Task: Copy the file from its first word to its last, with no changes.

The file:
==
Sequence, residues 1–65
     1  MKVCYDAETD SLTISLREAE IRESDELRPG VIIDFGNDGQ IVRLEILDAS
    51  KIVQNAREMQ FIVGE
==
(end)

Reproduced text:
Sequence, residues 1–65
     1  MKVCYDAETD SLTISLREAE IRESDELRPG VIIDFGNDGQ IVRLEILDAS
    51  KIVQNAREMQ FIVGE